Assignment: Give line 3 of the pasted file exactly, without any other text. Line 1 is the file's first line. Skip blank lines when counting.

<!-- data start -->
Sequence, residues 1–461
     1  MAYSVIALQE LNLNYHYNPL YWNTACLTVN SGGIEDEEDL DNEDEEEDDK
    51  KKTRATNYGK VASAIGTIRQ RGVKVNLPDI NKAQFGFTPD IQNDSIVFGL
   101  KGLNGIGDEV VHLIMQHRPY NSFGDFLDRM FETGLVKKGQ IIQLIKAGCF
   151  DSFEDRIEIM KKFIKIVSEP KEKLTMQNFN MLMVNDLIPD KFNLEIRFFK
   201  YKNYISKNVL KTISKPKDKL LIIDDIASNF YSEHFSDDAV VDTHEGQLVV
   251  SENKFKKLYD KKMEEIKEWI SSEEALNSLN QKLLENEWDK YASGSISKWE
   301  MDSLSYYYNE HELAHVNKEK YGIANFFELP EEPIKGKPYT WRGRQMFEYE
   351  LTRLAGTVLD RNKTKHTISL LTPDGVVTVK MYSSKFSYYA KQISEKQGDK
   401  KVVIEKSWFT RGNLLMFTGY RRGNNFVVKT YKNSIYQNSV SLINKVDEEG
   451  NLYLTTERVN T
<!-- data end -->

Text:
    51  KKTRATNYGK VASAIGTIRQ RGVKVNLPDI NKAQFGFTPD IQNDSIVFGL